Health Disorders or Society’s Disorders?

I’ve been asking myself lately, what is a health disorder anyway? And is a drug always the right solution?

When nearly everyone has the same problem, it might be called society’s disorder. Prevalence of mental disorders in the US are 46% over a lifetime, 26% in any given year, and start at age 14-according to the National Institute of Mental Health. This means that half of us are likely to have a mental disorder at some time in our lives. And 23% of these are labeled as severe. This is a lot of disorder. A lot of healthcare use, a lot of drugs being prescribed, taken, some diverted, and some abused.

I’ll start with my favorite health disorder, depression, because I’ve had some personal experience with that one in the past. Lifetime prevalence of depression is about 16%. Women are more likely to be depressed than men, 70% more likely, again from the National Institute of Mental Health. This is a very large difference. The age it generally starts is about 30 years.

When I think about what has happened to a woman in the US by the time she is 30, and have to ask, is it any wonder so many women are depressed?

We can give depressed women antidepressant drugs. We can offer counselling, and suggest exercise. Can we give women equal pay, safe passage to work and school, protection from abusive spouses? Can we give hope? I think we can. I think we can address the many inequalities and causes of suffering actor Judy Dench so intelligently lays out in front of Daniel Craig in this moving video where she has him experiment with role reversal. The script is by Jane Goldman, a first for a 007 scene.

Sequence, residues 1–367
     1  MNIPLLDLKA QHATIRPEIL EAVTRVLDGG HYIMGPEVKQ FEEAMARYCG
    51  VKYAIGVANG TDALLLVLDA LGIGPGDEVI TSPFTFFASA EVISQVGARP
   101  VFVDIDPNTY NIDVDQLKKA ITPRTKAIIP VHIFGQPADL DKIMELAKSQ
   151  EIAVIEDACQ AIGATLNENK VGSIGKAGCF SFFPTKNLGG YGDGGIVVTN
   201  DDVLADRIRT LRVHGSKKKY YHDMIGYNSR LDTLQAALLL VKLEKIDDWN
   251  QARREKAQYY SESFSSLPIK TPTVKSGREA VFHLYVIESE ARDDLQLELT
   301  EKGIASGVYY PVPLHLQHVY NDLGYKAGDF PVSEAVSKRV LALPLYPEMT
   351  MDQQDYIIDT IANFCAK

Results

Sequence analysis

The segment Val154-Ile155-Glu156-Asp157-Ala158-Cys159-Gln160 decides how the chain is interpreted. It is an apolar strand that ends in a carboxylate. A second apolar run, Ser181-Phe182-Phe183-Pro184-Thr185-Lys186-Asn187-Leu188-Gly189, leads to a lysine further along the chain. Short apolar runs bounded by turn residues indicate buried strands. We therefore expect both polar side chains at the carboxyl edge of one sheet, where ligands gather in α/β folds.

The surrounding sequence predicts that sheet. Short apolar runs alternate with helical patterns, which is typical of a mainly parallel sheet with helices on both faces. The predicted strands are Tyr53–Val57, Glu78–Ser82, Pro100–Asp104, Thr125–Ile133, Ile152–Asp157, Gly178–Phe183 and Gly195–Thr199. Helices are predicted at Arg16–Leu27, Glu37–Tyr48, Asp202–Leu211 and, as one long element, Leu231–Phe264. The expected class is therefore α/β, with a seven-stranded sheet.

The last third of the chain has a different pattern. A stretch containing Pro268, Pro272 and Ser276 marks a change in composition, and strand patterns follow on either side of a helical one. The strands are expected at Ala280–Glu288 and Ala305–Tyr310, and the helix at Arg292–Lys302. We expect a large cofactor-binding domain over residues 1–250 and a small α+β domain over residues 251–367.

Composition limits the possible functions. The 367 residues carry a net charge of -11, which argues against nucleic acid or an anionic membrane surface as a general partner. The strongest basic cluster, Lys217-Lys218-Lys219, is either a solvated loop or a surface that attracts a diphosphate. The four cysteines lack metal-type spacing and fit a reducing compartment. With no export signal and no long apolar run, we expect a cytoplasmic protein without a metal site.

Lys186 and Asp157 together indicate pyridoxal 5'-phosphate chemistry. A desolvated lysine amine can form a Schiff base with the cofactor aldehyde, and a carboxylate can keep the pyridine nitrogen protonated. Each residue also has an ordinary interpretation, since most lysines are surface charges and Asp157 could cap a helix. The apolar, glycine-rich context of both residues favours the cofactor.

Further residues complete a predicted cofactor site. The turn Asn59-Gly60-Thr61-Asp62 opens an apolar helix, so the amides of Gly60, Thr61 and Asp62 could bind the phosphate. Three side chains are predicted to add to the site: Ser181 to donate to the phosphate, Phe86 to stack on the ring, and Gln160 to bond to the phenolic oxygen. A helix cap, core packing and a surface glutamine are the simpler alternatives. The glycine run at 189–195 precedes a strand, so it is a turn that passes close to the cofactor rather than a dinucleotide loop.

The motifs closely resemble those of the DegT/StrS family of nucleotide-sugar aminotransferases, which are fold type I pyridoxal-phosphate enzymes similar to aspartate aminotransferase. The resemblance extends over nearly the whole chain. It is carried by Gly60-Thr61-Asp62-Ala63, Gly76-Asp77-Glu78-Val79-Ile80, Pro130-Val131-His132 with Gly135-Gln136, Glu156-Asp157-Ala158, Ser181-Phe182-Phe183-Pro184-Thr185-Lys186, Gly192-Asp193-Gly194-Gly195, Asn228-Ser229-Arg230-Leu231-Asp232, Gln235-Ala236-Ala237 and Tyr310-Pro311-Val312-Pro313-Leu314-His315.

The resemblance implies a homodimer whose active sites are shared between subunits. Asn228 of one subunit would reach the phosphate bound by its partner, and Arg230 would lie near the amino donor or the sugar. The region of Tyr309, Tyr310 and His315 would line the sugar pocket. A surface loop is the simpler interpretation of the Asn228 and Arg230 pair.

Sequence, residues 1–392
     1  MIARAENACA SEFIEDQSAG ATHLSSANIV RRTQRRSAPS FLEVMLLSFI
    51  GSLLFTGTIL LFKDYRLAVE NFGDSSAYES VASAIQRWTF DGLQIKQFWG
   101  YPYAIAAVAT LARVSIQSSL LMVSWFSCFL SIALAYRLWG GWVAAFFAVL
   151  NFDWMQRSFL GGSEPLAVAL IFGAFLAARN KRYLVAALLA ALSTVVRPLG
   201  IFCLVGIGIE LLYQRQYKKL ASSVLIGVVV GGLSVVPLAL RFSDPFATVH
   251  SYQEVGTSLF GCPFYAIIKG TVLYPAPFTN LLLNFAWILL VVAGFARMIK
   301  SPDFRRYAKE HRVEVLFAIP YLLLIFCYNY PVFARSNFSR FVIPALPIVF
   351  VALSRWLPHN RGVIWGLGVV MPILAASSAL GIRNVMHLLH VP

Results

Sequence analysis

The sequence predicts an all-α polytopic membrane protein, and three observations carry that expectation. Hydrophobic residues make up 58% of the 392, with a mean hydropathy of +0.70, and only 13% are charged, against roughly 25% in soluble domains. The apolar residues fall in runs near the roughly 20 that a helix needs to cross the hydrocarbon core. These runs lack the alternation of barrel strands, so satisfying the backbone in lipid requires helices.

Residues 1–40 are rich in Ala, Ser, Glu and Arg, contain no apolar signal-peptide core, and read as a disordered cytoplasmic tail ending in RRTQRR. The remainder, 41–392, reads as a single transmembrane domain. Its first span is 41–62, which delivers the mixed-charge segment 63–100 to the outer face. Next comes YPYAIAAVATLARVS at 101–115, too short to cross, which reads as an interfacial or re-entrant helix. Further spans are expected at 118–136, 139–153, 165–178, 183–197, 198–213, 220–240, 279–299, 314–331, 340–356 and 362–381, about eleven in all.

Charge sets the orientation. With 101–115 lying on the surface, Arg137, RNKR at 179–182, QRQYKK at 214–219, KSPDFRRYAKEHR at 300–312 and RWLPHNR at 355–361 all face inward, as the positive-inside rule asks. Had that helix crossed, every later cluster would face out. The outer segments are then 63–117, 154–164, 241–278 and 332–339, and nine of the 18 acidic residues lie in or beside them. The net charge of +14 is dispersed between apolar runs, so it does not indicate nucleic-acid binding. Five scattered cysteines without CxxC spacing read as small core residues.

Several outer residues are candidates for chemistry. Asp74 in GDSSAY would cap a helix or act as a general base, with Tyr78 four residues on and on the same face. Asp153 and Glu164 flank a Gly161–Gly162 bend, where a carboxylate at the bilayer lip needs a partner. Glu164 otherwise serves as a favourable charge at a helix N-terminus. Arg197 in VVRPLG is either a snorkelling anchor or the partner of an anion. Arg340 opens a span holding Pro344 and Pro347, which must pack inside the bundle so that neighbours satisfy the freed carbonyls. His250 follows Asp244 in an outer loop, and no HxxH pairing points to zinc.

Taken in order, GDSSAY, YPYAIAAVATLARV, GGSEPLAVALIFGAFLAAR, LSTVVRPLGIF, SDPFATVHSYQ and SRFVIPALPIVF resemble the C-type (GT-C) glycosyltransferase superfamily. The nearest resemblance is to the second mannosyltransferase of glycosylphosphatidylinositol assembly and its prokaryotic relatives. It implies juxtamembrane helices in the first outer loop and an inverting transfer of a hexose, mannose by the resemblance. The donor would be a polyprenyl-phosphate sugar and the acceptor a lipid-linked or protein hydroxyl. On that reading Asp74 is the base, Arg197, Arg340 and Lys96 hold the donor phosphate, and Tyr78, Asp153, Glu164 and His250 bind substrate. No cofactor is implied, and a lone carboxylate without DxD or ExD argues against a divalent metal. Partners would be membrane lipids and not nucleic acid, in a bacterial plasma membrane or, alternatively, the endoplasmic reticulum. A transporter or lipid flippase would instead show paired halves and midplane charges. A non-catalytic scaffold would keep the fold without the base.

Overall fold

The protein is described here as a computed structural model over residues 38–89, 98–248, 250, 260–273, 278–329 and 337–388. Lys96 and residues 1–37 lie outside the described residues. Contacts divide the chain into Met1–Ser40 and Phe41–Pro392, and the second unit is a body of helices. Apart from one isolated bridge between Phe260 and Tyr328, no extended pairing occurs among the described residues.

The gross overuse of drugs is one of the costs of healthcare that have gone out of control in the US. Our most misused drugs today are not halucinogens, they are pain killers. So I have to ask myself, what is it about our society that is so painful? And can we change it?

Please leave a comment to share your thoughts and join a discussion.

More on health statistics from:

7 responses to “Health Disorders or Society’s Disorders?”

  1. Brilliant video, thanks for bringing it to my attention.

    Despite everything, or in spite of it, I’m still a believer that men and women ARE equal and it’s just the opportunities given to us, whether it’s a loving childhood, supportive background, socioeconomic factors or education. However, I do not have any children, work for myself in a non-corporate world and lucky to not be in a non-violent relationship. I do think this makes a great difference to my outlook on life.

    I do think modern society does nothing to help with people’s mental health (or personal health, love that thought!). Financial and family commitments mean many people are stretched beyond their means. For some, drugs may be the only solution, but there are so many drugs being prescribed out there that I don’t think get to the cause of the problem and only help mask the symptoms. A big issue of any mental illness is isolation or loneliness and the breakdown of community and family life (with people living further away) is definitely not helping.